LONDON—Heptares Therapeutics, a wholly-owned subsidiary of Sosei Group Corp., recently announced that its scientists have solved the high-resolution X-ray crystal structures of the GLP-1 (glucagon-like peptide 1) and glucagon receptors. An important achievement, given that both receptors are important players in the maintenance of blood glucose levels and both are seen as important targets for therapeutic in the metabolic disease realm, such as treatments for diabetes.
This is explained in the journal article “Extra-helical binding site of a glucagon receptor antagonist,” which appeared in Nature this month in more detail of course, but to break it down more succinctly, the work by Heptares scientists in solving the X-ray structure of the full length GLP-1 receptor bound to a peptide agonist represents the first time that a receptor of this class has been resolved in its active state conformation, according to the company. Having access to a high-resolution structure of the GLP-1 receptor in this conformation could be an important part of future work on the discovery and development of small-molecule oral drugs designed to treat or cure metabolic diseases.
The findings described by Heptares scientists focus on the identification of a novel binding site distinct from the glucagon-binding site. This “allosteric” binding site is located outside the transmembrane domain of the receptor, at the interface with the cell membrane, and is shown to inhibit the normal signaling function of the receptor when bound to small-molecule antagonist MK-0893.
Heptares is using the structural and physicochemical information derived from its research on the GLP-1 and glucagon receptors—and from other receptors in the same class, such as class B GPCRs [G protein-coupled receptors], including the previously solved CRF-1 receptor—to advance allosteric small-molecule GLP-1 antagonists toward the clinic as potential new treatments for the rare disease congenital hyperinsulinaemia.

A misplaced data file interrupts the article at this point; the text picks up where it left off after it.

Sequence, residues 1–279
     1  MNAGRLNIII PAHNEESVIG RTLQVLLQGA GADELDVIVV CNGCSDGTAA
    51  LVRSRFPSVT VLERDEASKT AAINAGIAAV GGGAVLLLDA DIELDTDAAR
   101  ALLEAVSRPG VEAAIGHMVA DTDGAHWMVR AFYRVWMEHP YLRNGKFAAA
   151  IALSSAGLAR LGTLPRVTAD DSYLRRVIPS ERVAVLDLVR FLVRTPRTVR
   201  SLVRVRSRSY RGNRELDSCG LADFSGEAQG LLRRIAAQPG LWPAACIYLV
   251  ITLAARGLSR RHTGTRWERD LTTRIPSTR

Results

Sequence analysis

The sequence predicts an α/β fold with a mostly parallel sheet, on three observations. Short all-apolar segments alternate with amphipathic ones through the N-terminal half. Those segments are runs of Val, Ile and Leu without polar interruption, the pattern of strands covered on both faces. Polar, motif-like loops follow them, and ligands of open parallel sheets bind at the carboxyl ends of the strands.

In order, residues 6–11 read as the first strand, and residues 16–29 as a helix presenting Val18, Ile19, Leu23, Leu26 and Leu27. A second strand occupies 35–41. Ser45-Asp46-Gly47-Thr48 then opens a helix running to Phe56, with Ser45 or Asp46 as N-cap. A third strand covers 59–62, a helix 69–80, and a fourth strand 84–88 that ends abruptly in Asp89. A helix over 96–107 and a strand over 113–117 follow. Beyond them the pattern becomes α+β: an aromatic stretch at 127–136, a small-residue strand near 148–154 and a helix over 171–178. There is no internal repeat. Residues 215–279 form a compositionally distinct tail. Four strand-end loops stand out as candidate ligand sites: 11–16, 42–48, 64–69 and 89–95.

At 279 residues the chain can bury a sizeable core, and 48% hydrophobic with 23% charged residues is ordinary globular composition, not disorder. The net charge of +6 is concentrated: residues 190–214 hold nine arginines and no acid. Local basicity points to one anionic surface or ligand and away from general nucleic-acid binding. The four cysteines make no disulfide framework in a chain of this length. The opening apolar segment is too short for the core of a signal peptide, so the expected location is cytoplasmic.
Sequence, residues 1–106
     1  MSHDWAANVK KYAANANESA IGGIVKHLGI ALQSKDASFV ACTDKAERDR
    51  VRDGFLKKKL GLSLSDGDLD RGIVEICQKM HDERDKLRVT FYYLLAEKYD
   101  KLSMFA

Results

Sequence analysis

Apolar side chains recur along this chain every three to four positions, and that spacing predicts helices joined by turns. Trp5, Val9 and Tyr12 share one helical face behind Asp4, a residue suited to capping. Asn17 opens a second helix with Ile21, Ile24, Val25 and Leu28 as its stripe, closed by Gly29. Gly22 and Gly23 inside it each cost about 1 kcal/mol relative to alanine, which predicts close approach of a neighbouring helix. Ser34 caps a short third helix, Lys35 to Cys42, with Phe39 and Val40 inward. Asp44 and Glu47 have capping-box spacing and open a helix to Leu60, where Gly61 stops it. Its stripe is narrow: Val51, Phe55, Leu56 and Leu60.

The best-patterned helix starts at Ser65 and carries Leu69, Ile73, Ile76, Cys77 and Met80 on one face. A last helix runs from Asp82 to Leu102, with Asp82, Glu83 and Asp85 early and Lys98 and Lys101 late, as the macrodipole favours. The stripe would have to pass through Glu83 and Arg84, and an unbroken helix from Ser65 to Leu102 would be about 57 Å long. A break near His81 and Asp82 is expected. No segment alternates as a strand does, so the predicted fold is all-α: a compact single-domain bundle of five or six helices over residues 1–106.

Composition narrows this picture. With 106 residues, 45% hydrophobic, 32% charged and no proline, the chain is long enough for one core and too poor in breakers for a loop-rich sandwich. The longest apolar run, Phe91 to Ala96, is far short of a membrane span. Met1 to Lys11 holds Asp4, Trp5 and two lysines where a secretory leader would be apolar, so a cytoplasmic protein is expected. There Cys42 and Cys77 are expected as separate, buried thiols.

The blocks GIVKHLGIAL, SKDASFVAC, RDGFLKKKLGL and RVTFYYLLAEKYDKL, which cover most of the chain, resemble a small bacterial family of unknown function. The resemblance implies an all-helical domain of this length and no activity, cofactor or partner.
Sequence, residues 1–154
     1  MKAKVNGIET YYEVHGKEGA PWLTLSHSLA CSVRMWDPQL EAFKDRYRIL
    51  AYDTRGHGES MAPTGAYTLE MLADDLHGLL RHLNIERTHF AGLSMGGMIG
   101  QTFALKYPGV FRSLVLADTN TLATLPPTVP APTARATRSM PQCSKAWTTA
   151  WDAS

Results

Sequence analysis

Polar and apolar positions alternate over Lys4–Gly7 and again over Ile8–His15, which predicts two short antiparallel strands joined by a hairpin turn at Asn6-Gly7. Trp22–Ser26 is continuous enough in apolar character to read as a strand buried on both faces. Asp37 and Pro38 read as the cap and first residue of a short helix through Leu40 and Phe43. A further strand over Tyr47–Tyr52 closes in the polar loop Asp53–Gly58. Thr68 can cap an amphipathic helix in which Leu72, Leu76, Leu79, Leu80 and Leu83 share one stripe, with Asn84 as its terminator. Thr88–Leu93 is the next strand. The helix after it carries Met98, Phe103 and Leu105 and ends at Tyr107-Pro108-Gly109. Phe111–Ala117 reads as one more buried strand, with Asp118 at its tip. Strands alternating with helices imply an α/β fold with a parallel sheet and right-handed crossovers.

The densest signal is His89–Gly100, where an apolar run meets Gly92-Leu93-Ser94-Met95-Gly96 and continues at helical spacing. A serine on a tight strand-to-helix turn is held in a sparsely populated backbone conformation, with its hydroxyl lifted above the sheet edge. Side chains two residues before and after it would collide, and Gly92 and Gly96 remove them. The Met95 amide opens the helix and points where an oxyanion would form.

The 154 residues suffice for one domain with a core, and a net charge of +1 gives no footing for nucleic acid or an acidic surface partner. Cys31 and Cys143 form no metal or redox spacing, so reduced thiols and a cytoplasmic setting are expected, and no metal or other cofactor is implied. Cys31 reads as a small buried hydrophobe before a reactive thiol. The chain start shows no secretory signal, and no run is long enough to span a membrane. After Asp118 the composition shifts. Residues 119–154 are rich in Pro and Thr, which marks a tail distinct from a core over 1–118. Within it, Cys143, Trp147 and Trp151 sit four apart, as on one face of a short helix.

The new structural information generated by Heptares from the research on these receptors adds to the growing information already being generated using its StaR platform on GPCRs, the most important family of receptors targeted by drug developers. This resource, including detailed X-ray structures from more than 12 GPCRs solved by Heptares scientists, is enabling the company to apply its structure-based design platform to develop therapeutics (small molecules and biologics) for these and structurally similar receptors that have strong links to disease.
“Heptares continues to demonstrate the power of its StaR technology to elucidate the structure of important GPCRs and apply this knowledge to its drug design programs and those of it partners,” said Fiona Marshall, chief scientific officer at Heptares. “Our pioneering research is greatly enhancing our ability to apply our structure-based approach to drug discovery across a wide range of GPCR targets with strong clinical validation, but which have proved difficult or impossible to access previously.”
Class B GPCRs represent a family of structurally similar receptors for peptide hormones such as GLP-1, glucagon, corticotropin-releasing factor, calcitonin and parathyroid peptide hormone. Class B GPCRs include many therapeutic targets for cardiovascular diseases, metabolic diseases, bone diseases and migraine, but despite strong clinical validation, structural information is limited, according to Heptares.